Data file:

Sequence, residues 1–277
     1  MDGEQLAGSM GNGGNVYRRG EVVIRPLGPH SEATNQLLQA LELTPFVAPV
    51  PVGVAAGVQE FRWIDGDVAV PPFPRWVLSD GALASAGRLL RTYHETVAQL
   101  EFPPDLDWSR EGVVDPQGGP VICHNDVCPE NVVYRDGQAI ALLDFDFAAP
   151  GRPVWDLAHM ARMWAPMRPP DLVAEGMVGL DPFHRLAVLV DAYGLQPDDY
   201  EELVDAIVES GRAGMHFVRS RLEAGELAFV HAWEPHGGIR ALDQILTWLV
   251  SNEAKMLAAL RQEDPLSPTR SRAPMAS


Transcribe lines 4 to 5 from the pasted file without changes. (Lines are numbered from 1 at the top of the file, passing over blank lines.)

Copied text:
   101  EFPPDLDWSR EGVVDPQGGP VICHNDVCPE NVVYRDGQAI ALLDFDFAAP
   151  GRPVWDLAHM ARMWAPMRPP DLVAEGMVGL DPFHRLAVLV DAYGLQPDDY